lung cancer screening

Killer Stats: Thoracic Oncologist Speaks to Olympus About Lung Cancer Screening, Disparities (Part 1)

It’s not a new message, but it’s a stark one: Smoking is an irrefutable killer. As the main cause of small cell and non-small cell lung cancer, it is responsible for 80% (women) to 90% (men) of lung cancer deaths.1 Gerard A. Silvestri, MD, MS, Hillenbrand Professor in Thoracic Oncology at the Medical University of South Carolina in Charleston, cited these statistics in a recorded presentation for Olympus staff on August 2, 2022. As a society, Dr. Silvestri noted that we can prevent lung cancer, or at least catch it at an earlier—and more treatable—stage through screening. He took a deep dive into the evidence supporting U.S. Preventive Services Task Force (USPSTF) screening guidelines,2 and the disparate uptake in underserved populations. 

Guidelines backed by solid evidence

Current USPSTF screening guidelines recommend annual lung cancer screening for adults 50 to 80 years of age who have a 20 pack-year smoking history and currently smoke or had smoked in the past 15 years.2 Screening is done with low-dose computed tomography (LDCT). “We just had the [USPSTF] update our recommendations,” in March 2021, noted Dr. Silvestri. The previous guidelines, released in 2013, were backed by the National Lung Screening Trial (NLST)3 supporting screening in people 55 to 74 years of age with a 30 pack-year history.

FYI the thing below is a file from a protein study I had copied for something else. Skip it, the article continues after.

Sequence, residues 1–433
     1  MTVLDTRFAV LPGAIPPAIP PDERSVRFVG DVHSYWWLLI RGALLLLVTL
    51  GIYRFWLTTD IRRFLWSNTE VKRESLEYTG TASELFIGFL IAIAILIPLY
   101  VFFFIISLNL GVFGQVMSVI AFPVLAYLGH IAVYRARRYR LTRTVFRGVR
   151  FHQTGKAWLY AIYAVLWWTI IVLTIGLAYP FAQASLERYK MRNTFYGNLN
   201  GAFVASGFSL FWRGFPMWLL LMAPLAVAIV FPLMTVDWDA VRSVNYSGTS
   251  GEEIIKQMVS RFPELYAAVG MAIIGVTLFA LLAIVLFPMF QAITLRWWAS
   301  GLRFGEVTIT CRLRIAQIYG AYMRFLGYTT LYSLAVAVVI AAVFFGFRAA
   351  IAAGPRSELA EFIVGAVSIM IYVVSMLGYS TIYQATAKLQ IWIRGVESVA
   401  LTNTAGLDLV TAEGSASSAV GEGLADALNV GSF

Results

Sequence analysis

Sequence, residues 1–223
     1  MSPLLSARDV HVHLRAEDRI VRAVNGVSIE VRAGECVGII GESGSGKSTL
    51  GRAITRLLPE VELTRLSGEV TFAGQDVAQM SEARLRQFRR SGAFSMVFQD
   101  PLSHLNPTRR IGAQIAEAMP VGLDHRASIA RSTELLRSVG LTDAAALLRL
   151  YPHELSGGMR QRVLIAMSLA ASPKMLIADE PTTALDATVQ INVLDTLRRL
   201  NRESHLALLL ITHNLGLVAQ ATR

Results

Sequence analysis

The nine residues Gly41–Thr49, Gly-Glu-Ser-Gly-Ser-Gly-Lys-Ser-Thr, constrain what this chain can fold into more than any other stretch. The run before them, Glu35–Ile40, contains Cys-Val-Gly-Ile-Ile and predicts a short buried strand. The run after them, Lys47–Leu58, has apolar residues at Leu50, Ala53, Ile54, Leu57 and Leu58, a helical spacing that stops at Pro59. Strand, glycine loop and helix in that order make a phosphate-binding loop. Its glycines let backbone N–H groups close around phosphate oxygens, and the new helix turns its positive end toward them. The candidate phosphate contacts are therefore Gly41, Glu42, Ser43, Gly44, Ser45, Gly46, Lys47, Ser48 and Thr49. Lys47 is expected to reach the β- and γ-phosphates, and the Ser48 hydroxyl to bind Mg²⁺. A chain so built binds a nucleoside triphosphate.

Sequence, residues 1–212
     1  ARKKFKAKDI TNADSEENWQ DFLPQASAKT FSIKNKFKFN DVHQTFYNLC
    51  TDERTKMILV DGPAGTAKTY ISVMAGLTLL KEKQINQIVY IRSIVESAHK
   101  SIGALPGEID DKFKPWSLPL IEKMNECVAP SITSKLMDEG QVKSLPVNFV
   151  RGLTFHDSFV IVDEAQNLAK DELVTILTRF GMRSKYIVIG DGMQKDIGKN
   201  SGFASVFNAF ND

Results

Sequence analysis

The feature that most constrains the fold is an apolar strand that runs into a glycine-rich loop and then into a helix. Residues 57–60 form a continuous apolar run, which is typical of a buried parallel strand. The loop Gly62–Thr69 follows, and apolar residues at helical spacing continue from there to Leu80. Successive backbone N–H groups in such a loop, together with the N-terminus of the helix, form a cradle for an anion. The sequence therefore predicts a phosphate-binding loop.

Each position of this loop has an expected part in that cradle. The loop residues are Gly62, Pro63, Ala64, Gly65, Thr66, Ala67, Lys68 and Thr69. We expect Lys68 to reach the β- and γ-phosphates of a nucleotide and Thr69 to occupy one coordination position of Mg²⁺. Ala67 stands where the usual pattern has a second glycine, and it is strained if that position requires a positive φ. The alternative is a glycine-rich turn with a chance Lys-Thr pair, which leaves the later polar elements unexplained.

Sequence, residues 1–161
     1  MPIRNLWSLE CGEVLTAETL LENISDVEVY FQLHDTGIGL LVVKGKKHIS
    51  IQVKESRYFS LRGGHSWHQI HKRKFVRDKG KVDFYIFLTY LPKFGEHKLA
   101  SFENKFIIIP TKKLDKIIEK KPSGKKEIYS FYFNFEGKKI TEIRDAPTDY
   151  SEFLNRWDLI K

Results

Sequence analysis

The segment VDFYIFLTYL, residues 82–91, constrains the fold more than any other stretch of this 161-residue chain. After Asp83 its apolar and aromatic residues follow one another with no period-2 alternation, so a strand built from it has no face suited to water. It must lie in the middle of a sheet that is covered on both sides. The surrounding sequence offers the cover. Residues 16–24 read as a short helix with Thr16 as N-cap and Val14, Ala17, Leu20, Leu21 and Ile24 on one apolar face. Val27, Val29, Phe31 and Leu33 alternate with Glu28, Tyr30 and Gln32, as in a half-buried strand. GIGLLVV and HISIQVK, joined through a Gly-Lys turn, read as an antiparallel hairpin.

“The [NLST] is the largest trial in the United States,” Dr. Silvestri stated. “They randomized 53,000 people to either get a CT scan or a chest X-ray.” Participants in the trial who were screened with LDCT had a 15 to 20% reduced chance of dying from lung cancer compared to those screened with a chest X-ray.3

Silvestri MD

Gerard A. Silvestri, MD, MS

The ‘sweet spot’ of early detection, early treatment

The USPSTF expanded the screening age to 80 based on a review of additional data, which included the NELSON trial.4 “The NELSON trial actually dropped the age to 50 [to begin screening] … and [people] had to quit [smoking] within the last 10 years,” Dr. Silvestri explained. He noted that trial was a randomized controlled trial limited to four sites with scans done at one, three, and five-and-a-half years.4 “The data generated from this trial found that those down to age 50 with a 20 pack-year history of smoking also received a mortality benefit.  This added another 6.5 million people eligible for screening in the United States alone,” he explained. “We already had 8 million, so now [almost] 15 million people are eligible for screening.”4 

In casting this wider net, “They picked up a higher proportion of later stage disease when the interval between screens was two-and-a-half years as opposed [to] one year, which was a good thing for understanding screening, because now we know that we have to screen every year,” Dr. Silvestri said of the NELSON trial results.4 

“The great news is what we want to see from screening is a stage shift. That is, you want to go from diagnosing late-stage disease when patients show up symptomatic in your office to earlier stage disease,” explained Dr. Silvestri.